Why Alarms Work

Bedwetting children have no idea when they are wetting during the night. Their brain and bladder are not communicating so their urine is released in bed before they are awake. The best way to speed up this communication is through using a bedwetting alarm. Bedwetting alarms sense wetness and sound an alert to notify the child and their parents that wetting is occurring. Parents make sure their child wakes up and walks to the bathroom.

In the beginning, children are alerted when they are peeing. Then they begin waking earlier, to just a drop or two of urine. They subconsciously stop the flow of urine and hold it until they get into the bathroom.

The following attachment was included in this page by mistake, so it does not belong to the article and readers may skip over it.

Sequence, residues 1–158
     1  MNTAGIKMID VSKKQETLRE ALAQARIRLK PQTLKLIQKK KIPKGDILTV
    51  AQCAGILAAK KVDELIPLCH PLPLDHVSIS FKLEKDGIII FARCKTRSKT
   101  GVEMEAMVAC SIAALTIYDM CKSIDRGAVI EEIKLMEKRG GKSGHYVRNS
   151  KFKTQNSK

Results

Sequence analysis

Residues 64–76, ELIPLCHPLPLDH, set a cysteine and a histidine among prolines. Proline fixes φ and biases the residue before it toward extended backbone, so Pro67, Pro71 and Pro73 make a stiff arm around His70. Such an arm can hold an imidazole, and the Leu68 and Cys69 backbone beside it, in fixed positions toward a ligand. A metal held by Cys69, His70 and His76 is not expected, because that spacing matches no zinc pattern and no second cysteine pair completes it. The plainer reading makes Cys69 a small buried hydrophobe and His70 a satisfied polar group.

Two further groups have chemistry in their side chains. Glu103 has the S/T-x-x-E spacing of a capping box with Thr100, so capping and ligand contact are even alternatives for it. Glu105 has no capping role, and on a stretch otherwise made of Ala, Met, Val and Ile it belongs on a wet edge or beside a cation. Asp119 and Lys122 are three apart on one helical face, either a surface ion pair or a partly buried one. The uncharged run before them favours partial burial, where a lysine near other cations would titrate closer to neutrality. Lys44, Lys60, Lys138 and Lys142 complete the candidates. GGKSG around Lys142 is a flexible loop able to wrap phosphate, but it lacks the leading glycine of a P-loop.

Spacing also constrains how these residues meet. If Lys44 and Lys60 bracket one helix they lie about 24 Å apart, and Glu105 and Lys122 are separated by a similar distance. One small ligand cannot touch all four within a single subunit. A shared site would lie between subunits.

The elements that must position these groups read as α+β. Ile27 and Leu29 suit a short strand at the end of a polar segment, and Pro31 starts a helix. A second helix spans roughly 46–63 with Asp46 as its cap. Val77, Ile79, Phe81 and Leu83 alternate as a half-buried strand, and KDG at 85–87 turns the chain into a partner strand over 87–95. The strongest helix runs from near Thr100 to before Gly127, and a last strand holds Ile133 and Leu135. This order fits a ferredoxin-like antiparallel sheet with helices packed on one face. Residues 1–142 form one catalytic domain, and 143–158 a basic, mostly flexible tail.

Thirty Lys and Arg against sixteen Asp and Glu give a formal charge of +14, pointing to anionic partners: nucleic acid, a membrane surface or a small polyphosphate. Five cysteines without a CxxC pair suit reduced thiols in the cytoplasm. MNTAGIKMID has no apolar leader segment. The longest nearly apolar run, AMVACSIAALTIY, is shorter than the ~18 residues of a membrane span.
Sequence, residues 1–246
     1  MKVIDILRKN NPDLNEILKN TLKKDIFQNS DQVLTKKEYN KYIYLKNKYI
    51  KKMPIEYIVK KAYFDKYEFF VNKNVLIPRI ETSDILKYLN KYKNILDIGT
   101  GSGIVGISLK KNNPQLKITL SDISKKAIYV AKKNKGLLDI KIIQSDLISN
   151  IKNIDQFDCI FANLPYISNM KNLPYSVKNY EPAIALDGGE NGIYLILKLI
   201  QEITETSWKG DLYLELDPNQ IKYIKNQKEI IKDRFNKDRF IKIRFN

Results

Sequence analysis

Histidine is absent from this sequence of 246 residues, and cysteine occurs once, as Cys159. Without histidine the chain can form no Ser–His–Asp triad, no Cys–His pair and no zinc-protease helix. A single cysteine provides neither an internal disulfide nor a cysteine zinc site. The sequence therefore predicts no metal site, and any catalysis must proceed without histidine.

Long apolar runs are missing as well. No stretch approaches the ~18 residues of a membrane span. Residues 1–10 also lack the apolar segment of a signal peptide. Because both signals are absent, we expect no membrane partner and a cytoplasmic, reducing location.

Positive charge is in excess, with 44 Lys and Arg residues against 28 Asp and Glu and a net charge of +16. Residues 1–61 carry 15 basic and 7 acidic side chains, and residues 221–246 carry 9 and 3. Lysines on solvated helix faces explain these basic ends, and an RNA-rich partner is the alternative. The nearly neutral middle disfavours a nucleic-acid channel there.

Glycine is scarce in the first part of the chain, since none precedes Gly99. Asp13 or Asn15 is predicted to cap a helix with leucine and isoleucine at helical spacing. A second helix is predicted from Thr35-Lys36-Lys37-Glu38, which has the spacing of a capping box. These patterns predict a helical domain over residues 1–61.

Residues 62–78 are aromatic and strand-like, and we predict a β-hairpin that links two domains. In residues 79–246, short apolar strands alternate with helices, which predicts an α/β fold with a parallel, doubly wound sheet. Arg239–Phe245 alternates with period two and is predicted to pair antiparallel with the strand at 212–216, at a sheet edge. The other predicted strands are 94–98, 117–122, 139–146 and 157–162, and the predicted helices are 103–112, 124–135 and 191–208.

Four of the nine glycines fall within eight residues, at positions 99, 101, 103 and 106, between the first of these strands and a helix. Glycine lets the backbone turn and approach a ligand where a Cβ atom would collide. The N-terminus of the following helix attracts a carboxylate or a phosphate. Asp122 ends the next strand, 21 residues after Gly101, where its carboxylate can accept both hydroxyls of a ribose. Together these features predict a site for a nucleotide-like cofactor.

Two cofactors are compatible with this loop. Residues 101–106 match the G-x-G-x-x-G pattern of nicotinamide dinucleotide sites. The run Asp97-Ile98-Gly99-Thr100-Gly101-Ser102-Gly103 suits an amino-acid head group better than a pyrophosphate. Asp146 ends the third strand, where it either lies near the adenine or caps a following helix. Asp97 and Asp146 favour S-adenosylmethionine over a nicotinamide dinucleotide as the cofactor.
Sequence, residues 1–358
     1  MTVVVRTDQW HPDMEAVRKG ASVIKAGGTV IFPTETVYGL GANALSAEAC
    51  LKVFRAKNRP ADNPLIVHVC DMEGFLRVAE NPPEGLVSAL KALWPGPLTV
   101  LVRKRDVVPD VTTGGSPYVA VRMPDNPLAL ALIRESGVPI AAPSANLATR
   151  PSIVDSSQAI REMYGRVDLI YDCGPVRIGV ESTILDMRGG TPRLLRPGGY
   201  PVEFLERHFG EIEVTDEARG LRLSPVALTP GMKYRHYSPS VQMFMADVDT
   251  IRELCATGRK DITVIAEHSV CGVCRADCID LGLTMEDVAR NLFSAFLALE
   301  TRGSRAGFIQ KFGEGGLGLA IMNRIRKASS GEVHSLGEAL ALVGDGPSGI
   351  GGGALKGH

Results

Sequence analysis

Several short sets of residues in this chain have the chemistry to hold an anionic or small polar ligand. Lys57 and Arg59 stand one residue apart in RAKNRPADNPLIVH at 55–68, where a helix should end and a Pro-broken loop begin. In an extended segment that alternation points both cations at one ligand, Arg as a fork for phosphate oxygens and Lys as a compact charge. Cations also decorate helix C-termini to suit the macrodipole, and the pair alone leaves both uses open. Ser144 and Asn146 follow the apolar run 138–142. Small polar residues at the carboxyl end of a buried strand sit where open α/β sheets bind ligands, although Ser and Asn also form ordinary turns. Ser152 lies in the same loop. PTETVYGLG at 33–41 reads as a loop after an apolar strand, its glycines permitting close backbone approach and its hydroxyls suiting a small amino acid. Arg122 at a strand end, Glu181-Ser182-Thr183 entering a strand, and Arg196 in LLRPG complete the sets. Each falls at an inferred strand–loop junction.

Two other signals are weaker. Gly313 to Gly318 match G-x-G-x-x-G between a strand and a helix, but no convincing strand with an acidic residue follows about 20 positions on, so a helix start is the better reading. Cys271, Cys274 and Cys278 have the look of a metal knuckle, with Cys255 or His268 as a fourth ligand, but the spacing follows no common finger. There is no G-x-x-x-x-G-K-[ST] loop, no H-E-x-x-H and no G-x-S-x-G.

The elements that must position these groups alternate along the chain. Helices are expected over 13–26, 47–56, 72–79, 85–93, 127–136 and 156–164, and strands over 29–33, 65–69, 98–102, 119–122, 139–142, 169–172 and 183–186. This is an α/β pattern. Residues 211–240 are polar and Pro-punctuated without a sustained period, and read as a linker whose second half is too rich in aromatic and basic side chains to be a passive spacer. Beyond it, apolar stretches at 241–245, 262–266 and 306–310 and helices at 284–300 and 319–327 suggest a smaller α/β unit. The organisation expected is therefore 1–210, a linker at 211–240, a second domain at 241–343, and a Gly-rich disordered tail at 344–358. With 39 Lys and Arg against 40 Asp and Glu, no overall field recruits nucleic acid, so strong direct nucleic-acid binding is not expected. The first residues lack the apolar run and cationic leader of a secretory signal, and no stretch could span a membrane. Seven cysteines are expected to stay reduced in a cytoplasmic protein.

Over time, the brain begins to make the connection with the sound and the feeling that comes with it. This is a type of conditioning, learning to react to a feeling without having to “think” about it. Now they will wake to the feeling of a full bladder, before any wetting occurs.

Once a child can wake up before they need to use the bathroom or hold it until morning, they no longer wet the bed and are permanently dry. The bedwetting alarm should be used until 14 consecutive dry nights are achieved.

This is a predictable process that takes around 8-12 weeks on average. A child will go from having floods every night, to smaller wets in the bed and occasional dry nights. As conditioning takes place, fewer alarms happen and strings of dry nights are seen. Using a comfortable and easy-to-use alarm makes this entire process easier for kids and their parents.

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